ROOM TO SWING AN AXE
nytheatre.com review by Chris Toland
Ask any rational person if they’d
prefer to be an alcoholic or not be one, and the latter choice seems
obvious. Why, then, are so many of us compelled to stay out too late,
have one too many, put the lampshade on our head? It’s because before it
turns ugly, it’s undeniably glamorous. If you’d like a peek into this
world while sparing your liver, head over to see Alex Dawson’s Room to
Swing an Axe. But be warned. It’s gonna get ugly.
August 15, 2002
The play explores the friendship, if you can call it that, of Jack, a hard drinking, self-proclaimed writer, and Gaz, the suburban salesman who has latched onto him. Through alternating monologues, the two men give us their takes on themselves, each other, and what has brought and kept them together. More than their common love of booze has united this duo. Jack represents all that is cool and glamorous about drunks. As portrayed by Joseph Pacillo, he exudes self confidence and rough-around-the-edges sex appeal. He knows everyone. He tells the great stories. He is calm and focused, never slurring a word or losing his train of thought. To watch him take a drag from a cigarette or a pull from his whiskey bottle is to be twelve again, wishing you could do all the cool grownup stuff you saw in the movies.
Gaz, played by Craig McNulty (with one of the most convincing states of progressing inebriation I have ever seen), is, simply, not Jack.
Gaz’s obsession with Jack in many ways seems like latent homosexual desire, a fact he freely acknowledges, describing their frequent matches of "grab ass." Too bad it’s not that simple. You see, Gaz doesn’t want to bed Jack, he wants to be him. He analyzes and describes Jack’s every word and move, with alternating admiration and disdain. When Gaz points out that Jack likes nothing better than to be called a cad or a scoundrel, yet takes offense when accused of having a scoundrel’s actual qualities, we see this idiosyncrasy in Gaz himself. He’s as big a drunk as Jack, but with none of the coolness, and he hates himself, and Jack, because of it.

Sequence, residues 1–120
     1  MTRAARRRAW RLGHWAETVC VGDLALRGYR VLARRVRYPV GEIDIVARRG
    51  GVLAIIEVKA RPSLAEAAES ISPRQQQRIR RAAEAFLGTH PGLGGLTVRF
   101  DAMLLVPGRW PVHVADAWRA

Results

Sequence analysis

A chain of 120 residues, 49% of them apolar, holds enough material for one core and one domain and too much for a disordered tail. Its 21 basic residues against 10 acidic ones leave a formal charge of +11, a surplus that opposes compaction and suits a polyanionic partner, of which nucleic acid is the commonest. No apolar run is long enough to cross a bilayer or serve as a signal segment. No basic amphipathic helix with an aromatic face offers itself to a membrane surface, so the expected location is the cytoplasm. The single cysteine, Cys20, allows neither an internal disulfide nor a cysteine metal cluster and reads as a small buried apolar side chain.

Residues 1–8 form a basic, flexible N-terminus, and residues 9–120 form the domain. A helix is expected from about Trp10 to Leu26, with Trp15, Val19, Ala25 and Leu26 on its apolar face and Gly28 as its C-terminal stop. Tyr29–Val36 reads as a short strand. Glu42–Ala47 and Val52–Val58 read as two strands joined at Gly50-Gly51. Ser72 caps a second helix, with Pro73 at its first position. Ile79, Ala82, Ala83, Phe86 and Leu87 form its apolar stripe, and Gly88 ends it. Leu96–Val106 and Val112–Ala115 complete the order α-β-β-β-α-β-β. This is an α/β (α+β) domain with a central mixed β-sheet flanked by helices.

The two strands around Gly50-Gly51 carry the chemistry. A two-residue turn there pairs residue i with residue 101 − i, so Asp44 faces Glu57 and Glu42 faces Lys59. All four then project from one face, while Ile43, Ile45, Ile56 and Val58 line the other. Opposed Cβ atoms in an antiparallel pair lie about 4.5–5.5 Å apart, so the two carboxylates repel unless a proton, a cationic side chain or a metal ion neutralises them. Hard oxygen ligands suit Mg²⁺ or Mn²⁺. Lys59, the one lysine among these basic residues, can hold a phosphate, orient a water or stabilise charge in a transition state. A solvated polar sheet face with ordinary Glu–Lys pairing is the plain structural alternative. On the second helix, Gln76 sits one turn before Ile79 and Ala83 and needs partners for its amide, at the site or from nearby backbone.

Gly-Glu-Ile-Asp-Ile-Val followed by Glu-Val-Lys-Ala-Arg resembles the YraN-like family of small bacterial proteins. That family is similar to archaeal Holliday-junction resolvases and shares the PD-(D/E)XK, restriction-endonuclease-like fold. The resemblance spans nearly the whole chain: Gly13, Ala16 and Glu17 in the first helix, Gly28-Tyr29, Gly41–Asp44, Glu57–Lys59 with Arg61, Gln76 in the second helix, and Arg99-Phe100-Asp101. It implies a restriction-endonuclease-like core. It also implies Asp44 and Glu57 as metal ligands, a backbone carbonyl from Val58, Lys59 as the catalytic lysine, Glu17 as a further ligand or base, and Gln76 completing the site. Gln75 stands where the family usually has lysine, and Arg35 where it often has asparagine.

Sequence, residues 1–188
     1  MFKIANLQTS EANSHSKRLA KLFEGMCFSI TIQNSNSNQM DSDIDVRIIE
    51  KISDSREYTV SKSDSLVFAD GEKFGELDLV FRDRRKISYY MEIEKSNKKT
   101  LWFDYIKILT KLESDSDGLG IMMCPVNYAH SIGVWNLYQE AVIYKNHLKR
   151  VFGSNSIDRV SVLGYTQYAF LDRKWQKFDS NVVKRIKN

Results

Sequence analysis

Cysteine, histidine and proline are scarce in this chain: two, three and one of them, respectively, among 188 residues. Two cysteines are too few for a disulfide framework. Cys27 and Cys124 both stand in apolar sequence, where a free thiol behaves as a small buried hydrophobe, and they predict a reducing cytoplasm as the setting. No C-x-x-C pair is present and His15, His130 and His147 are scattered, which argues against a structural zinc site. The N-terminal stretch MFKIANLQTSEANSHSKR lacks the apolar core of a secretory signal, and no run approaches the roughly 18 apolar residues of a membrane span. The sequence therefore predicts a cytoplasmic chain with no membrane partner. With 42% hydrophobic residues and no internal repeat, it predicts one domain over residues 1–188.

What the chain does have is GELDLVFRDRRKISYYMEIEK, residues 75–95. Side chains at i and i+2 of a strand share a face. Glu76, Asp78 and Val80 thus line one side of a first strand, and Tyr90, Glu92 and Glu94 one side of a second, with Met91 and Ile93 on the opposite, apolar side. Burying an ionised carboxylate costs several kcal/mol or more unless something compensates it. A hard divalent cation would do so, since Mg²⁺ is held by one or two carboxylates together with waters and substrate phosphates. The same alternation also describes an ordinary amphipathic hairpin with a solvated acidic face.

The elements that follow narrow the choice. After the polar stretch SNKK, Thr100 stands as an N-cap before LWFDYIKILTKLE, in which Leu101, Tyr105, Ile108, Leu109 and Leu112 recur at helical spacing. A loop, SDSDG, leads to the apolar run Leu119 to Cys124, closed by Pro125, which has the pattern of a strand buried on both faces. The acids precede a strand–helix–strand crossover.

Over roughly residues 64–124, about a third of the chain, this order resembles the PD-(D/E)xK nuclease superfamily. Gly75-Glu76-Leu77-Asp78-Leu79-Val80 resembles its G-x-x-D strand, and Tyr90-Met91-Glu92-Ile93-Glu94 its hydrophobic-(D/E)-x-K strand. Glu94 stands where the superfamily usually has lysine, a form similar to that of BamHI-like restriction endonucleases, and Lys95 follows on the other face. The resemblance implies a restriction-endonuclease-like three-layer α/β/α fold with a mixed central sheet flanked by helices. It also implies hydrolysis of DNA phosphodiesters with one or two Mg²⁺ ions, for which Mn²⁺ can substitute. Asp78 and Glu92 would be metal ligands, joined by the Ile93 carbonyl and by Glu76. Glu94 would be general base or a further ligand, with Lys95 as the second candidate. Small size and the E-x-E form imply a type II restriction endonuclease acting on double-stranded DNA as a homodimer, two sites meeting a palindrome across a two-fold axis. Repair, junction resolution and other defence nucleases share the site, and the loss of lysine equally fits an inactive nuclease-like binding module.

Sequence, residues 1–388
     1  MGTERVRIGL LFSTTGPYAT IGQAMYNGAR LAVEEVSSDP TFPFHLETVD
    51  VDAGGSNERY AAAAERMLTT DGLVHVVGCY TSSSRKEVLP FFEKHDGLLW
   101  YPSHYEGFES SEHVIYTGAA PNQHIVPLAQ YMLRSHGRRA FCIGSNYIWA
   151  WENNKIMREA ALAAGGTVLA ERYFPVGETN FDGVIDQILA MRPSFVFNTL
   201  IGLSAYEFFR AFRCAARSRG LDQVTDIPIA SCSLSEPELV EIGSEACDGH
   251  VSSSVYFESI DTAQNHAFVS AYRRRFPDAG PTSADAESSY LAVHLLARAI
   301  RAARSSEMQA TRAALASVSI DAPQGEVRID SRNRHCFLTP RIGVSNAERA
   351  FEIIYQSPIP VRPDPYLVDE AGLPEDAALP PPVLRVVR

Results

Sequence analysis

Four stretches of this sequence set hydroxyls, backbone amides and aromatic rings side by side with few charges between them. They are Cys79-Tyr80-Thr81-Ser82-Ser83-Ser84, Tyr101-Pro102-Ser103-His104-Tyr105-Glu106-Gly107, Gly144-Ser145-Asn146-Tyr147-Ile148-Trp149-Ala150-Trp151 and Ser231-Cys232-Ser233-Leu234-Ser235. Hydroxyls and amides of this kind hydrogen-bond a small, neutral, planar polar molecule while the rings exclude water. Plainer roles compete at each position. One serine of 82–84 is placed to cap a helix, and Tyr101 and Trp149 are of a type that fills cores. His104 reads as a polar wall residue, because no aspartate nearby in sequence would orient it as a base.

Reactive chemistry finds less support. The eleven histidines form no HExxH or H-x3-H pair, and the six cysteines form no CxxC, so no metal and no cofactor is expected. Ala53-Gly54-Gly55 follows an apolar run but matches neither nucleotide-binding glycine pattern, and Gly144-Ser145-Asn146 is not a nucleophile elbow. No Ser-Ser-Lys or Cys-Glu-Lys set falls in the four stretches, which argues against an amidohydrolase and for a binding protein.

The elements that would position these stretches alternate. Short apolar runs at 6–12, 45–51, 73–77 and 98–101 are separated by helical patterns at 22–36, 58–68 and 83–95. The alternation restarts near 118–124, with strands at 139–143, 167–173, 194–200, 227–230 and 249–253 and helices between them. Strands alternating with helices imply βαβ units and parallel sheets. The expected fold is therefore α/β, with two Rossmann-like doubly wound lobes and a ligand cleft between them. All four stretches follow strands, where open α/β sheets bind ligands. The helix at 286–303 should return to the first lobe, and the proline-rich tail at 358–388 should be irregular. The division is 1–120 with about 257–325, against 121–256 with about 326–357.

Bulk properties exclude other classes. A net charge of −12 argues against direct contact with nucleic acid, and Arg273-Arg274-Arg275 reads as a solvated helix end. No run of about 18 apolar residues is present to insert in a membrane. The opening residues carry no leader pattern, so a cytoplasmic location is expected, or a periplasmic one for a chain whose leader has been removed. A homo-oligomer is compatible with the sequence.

Dawson has clearly spent a fair amount of time in barrooms observing the behavior of the drinker. His dialogue is dead on. His direction of the piece succeeds in creating a mood of haunting emptiness. McNulty and Pacillo deliver rich and captivating performances. Room to Swing an Axe is terrific. Don’t miss the last call on this one.